Payday lenders have been up in arms in recent years over federal banking regulators attempting to put "death sentence" limits on the industry.
But these nonbank lenders could soon find themselves with more passive regulatory oversight under a Republican-controlled Congress and White House that could radically upend recent efforts to crack down on predatory lending practices targeting struggling, low-income Americans.
“We have a president-elect who recently settled for running a fraudulent for-profit university who is also going to be appointing people to oversee consumer protection,” Joe Valenti, consumer finance director for the left-leaning Center for American Progress, told Salon on Friday.
But for now, payday lenders are on the offensive against banking regulators they say are orchestrating a “back-room campaign” to nudge banks into severing business ties with them, according to an emergency motion filed last week by the Community Financial Services Association of America and the South Carolina-based Advance America Cash Advance Centers, one of the nation’s largest payday lenders.
The motion is seeking to block three powerful federal banking regulators — the Federal Reserve, the Office of the Comptroller of the Currency and the Federal Deposit Insurance Corporation — from continuing what it calls a secretive three-year campaign to drive short-term, high-interest lenders out of business.
Regulators may be playing a role here — representatives from the agencies have declined to comment on the issue — but some banks do appear to be pulling away from their relationships with these companies. In the motion, Advance America claims that it has lost partnerships with five banks in recent weeks, including U.S. Bancorp and BBVA Compass.
Valenti said these nonbank lenders rely on ties with large national banks to ensure that they can withdraw payments from borrowers’ accounts and so they can work around state efforts to cap how much they can charge for their services, a practice colloquially known as a “rent-a-bank” strategy.
Payday loans have been controversial for years. Typically issued in amounts of $500 or less, these loans are directed at low-income borrowers who typically don’t have access to regular lower-interest loans because their credit scores are too low or they haven’t built a credit history. These loans typically come due on the borrower’s next paycheck, but studies have shown that the average customers winds up taking out consecutive loans for months at a time at alarmingly high annualized interest rates of as much as 400 percent. The lenders argue these loans are the only way for poor working Americans to access credit for short-term needs, like paying bills.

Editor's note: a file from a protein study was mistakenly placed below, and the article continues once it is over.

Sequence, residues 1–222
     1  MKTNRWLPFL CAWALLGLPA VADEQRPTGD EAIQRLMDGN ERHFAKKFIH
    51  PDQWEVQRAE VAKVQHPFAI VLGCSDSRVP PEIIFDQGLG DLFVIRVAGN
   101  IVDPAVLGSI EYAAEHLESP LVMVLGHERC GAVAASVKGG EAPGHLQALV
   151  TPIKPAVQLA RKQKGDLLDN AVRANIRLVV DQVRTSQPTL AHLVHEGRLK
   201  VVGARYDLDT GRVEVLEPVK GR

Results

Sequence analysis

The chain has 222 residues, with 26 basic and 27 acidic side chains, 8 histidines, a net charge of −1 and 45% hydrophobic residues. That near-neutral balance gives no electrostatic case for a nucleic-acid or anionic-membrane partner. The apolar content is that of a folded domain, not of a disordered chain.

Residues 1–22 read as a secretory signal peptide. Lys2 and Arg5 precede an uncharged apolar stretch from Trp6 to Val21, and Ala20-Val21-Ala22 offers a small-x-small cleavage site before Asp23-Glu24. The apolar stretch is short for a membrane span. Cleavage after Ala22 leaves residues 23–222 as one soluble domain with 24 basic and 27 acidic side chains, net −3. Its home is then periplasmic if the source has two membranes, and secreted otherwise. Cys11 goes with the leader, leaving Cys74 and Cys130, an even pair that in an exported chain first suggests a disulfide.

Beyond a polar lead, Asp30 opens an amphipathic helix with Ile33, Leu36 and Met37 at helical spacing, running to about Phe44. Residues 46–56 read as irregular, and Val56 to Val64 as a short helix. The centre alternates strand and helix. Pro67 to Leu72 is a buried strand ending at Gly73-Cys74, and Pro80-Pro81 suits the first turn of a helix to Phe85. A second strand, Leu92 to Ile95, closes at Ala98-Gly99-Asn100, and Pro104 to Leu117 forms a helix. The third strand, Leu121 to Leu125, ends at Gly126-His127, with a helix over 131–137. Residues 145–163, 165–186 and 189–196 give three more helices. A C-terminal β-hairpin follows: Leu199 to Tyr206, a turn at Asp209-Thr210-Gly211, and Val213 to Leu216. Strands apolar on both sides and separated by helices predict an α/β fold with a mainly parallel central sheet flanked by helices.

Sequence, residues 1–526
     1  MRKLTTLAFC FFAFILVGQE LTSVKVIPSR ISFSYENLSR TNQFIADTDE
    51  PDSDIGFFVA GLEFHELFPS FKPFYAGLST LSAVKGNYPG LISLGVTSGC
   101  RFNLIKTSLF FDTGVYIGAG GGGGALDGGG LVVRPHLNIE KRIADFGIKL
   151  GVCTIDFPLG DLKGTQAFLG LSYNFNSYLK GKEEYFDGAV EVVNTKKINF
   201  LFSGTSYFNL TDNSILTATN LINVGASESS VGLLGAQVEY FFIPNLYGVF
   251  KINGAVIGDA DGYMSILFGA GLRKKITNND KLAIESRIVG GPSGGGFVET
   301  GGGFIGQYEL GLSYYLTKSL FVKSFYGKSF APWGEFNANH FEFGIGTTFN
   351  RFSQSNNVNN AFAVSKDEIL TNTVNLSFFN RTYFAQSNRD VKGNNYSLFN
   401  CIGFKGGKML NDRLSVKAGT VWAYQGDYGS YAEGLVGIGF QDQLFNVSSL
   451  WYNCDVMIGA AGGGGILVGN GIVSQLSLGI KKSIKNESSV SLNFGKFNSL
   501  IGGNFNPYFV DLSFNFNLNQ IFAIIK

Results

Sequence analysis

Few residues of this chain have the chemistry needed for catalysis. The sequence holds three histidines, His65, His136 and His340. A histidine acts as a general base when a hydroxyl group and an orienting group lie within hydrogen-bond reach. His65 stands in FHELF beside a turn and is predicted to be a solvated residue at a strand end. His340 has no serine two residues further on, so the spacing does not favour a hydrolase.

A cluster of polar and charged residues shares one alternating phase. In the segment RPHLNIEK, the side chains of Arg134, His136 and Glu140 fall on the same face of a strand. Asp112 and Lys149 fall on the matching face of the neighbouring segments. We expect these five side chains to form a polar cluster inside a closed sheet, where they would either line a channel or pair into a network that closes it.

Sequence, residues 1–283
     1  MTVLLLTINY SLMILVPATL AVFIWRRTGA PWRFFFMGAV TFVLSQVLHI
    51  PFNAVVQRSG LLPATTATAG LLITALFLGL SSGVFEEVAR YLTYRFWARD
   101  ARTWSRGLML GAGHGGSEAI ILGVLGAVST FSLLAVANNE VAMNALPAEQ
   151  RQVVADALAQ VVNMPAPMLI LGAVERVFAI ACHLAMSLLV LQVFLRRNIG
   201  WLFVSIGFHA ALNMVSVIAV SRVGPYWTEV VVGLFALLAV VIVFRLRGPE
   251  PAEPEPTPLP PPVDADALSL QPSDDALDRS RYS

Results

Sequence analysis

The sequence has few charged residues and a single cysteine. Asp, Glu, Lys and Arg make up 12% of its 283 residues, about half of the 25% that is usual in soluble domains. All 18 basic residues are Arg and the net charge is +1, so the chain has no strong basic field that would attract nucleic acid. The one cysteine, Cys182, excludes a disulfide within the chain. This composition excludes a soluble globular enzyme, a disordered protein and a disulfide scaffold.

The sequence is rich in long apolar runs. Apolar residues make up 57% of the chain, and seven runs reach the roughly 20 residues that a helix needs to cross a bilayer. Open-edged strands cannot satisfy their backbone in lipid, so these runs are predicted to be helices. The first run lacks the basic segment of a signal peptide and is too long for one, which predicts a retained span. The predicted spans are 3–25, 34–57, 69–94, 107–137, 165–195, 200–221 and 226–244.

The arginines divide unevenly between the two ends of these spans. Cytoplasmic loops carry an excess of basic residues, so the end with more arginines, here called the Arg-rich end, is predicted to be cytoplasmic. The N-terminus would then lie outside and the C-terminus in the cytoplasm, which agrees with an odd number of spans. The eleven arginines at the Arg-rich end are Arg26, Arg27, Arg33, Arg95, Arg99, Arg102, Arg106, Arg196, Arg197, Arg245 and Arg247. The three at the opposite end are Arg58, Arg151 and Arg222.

Whatever the case may be, the volume of these types of loans has been declining in recent years as the country digs out of the 2007-2009 recession. Last year, payday lenders issued nearly $40 billion in loans, a 14 percent drop from 2013, according to financial advisory firm Jeffries. The federal Consumer Financial Protection Bureau estimates these lenders harvest $7 billion a year in fees and interest charges. And even though these loans are marketed as short-term ways to make ends meet, the average borrower winds up rolling over his or her borrowing from paycheck to paycheck for five months, according to the CFPB. They wind up paying an average of $520 to take out a series of consecutive $375 two-week loans over that period of time.
In the wake of sweeping Republican victories in the Nov. 8 elections, efforts by federal regulators to try to reel in predatory lending practices could be curtailed. The CFPB was established in 2011 as part of the Dodd-Frank Wall Street Reform and Consumer Protection Act and has been the target of scorn by lenders and their Republican allies in Congress. Now its efforts are at risk.
For example, the CFPB released a proposed rule in June to try to eliminate predatory debt traps from payday loans and loans backed by borrowers’ car titles. The proposal would require lenders to conduct a “full payment” test to ensure borrowers can manage the loan terms while still covering basic living expenses. The measure is aimed at reducing the propensity of these borrowers to take out numerous consecutive loans over a period of months.
But the CFPB is still reviewing the proposal, and it’s likely that any rule would not go into effect until next year, giving Republicans time to dismantle the agency’s efforts.
After President-elect Donald Trump takes office in January, he could attempt to replace the head of the CFPB, Richard Cordray, with an industry-friendly director — a process that would be complicated by a court battle over how the CFPB is structured. Trump and his Republican allies could also replace a single director with a commission on which industry representatives could win seats.
More likely, the Republicans could simply include riders in future appropriations bills to defund certain CFPB activities or exempt payday lenders from CFPB oversight. House Republicans have tried this in the past, but the riders were removed under threat of veto by President Barack Obama.
“There are lots of ways that the CFPB could be tripped up by the next Congress and the next administration,” Valenti said.
Now that efforts to neuter regulatory oversight at the federal level is about to get a whole lot easier, payday lenders may soon see an end to whatever “back-door campaign” they’re facing regardless of whether they win their emergency motion.